Marijuana – It’s Not Your Mother’s MaryJane

This November, Californians vote on legalizing marijuana. 

Marijuana today is three times stronger than it was 30 years ago, on average. 

Some varieties are ten times stronger.

The increased potency is from selective breeding and new cultivation techniques (1).

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Younger smokers tend to inhale more deeply than older users. This is associated with increased dependency.

Younger smokers  score highest for psychological dependency on marijuana (2).

Last month about 6% of Americans age 12 and older used marijuana (4).

Last month about 21% of High School seniors smoked grass.

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Most weed smokers do  not develop dependence or a pattern of abusive use. The majority of  adult Americans have enjoyed smoking grass at one time or another, and it is clear that the majority of Americans have are not addicted to grass.

Still, some experts assert that as many as 10% of regular casual users go on to develop dependence or abusive patterns of use (3).

About 4.2 million people are dependent on or abuse marijuana. This is a fraction of those who use it, but three times the number of cocaine abusers, and twice the number of prescription drug abusers (4).

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An intensive study was done of 108 heavy users. The study compared heavy users with casual tokers (8). 

Heavy users have:

  • lower income
  • lower education
  • lower quality of life
  • poor diet
  • lower life-satisfaction, self-satisfaction  and happiness

A  finding that comes up again and again in research, is that marijuana users experience greatly reduced motivation about life.  They feel less anxious, in good part, because they lose the motivation to do so much.

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Withdrawal often involves increased irritability, anger, sleep difficulties, strange dreams, restlessness, increased anxiety, and decreased appetite.

Researchers are exploring the use of gabapentin to reduce craving, to help people through withdrawal, but this is still in the research stage (6) .

Users who try to quit marijuana  go back to using at about  the same rate as persons fighting to get off cocaine, heroin or alcohol.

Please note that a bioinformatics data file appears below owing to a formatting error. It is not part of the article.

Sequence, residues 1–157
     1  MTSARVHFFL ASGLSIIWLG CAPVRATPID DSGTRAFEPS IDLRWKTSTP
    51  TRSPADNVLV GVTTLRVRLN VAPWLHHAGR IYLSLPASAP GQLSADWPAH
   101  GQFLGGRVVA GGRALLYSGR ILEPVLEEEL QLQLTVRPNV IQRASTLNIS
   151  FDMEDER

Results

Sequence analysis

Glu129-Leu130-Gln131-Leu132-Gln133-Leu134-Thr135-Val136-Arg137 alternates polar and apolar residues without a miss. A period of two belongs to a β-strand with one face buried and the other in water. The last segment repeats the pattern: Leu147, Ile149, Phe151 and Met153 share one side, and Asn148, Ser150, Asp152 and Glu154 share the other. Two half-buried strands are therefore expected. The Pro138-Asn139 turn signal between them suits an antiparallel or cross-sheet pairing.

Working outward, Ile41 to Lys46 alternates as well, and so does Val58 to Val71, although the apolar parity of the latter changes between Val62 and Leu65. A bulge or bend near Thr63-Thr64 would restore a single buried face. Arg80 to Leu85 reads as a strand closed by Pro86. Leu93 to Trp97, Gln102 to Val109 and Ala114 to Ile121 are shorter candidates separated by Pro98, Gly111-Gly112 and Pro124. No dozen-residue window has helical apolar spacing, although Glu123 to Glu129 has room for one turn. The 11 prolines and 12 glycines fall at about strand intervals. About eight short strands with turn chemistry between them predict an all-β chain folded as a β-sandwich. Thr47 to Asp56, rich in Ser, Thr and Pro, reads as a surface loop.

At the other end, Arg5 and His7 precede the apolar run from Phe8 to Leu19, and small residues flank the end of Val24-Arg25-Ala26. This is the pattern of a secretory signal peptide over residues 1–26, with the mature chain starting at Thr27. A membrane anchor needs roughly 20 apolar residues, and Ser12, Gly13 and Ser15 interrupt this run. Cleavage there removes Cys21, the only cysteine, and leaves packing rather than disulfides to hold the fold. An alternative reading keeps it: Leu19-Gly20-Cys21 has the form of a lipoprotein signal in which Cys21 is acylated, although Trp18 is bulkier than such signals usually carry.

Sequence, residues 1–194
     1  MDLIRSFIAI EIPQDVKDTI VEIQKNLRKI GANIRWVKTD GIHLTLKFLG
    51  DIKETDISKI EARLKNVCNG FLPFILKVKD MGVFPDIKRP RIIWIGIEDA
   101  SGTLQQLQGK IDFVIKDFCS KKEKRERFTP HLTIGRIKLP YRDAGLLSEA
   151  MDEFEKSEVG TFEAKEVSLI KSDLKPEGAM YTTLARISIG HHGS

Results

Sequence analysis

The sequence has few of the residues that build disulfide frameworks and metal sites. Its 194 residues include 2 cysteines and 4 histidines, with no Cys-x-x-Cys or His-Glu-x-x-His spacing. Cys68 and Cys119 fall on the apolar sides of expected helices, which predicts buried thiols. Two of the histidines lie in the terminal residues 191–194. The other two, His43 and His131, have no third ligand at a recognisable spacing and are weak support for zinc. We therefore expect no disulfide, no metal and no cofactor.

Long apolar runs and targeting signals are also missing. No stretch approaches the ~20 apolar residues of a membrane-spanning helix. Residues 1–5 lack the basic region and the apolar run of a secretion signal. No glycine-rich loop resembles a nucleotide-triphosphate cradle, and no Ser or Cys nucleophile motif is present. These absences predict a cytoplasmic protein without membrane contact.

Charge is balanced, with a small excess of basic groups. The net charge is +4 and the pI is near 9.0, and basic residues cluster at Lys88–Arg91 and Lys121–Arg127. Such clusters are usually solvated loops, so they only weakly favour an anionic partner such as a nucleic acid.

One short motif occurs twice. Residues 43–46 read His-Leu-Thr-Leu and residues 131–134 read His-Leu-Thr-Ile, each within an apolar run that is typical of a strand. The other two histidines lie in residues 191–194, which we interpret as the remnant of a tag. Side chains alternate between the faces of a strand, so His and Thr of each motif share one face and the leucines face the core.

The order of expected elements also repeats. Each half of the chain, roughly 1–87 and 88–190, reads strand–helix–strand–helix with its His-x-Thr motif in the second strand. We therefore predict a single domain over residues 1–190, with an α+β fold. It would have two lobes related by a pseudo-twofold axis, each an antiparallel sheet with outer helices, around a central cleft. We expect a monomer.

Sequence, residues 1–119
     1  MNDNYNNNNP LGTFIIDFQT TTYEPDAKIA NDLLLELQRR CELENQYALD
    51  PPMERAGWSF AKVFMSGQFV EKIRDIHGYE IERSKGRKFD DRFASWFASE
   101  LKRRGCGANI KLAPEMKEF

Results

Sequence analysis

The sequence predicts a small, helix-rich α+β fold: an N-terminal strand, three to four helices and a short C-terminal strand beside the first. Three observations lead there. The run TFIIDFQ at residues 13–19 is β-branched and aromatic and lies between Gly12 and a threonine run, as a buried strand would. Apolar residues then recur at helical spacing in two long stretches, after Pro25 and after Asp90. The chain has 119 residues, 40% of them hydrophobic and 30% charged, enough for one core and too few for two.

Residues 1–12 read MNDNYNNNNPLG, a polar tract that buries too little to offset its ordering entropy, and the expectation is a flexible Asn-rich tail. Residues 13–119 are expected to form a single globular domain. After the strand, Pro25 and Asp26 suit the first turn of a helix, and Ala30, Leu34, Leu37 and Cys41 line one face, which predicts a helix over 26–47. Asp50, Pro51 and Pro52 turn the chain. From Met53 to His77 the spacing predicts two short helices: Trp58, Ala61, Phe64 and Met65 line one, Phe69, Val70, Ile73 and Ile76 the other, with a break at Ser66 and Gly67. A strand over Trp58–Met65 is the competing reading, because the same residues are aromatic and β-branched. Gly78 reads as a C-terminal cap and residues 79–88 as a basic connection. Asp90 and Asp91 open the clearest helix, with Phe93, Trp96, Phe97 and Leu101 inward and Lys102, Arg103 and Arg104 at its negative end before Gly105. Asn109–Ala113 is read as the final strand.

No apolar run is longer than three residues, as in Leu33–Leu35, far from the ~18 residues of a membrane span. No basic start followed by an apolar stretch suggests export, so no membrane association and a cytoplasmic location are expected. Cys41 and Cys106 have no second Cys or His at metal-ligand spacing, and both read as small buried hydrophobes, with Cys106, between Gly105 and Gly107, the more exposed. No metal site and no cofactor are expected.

Even when the three best psychotherapies are  combined to help people quit, the abstinence rate after 14 months is only 27%.  The three therapies found most effective are cognitive behavioral therapy, contingency management, and motivational enhancement (7).

For those dependent on marijuana, quiting the drug often involves many slips and repeated attempts before getting clean.  

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Marijuana is particularly effective in treating neuropathic pain, which effects 5% to 10% of Americans. Neuropathic pain  is difficult-to-treat chronic “nerve” pain that can result from injuries, side effects of anti-HIV drugs, and diabetes. Several studies have found smoked marijuana reduces neuropathic  pain by more than 30%, resulting in significant improvement in quality of life. It has also been found to reduce spasticity and pain in people with multiple sclerosis, beyond the relief of conventional medication 5).

Marijuana is helpful for treating some of the complications of  cancer chemotherapy, anti- HIV drugs, and  advanced AIDS conditions…  complications such as nausea,  stomach upset,  anxiety, anorexia. poor appetite, and severe weight loss (5).

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References

(1) Science Policy Branch for the National Institute on Drug Abuse.

(2) International Journal of Drug Policy (Vol. 18, No 3.).

(3) Dr Barbara Mason, cited in APA Monitor on Psychology (June, 2010, Vol 41. No. 6). She is co-director of the Pearson Center for Alcoholism and Addiction Research, at Scripps Institute in San Diego, and was the principal investigator for a National Institute on Drug Abuse-funded study of the neurobiological effects of marijuana use.

(4) Substance Abuse and Mental Health Services Administration, National Survey on Drug Use and Health, 2009.

(5) University of California, Center for Medicinal Cannabis Research. Also, Journal of Pain (April 2008, Vol. 9, No 6.). Also, Journal of Acquired Immune Deficiency Syndrome (Vol. 45, No. 5, 2007).

(6) APA Monitor on Psychology (June, 2010, Vol 41. No. 6).

(7)  (Addictive Behaviors, 2007, Vol. 32, No. 6).

(8) Journal of Psychological Medicine (2003) (Vol. 33. No. 8).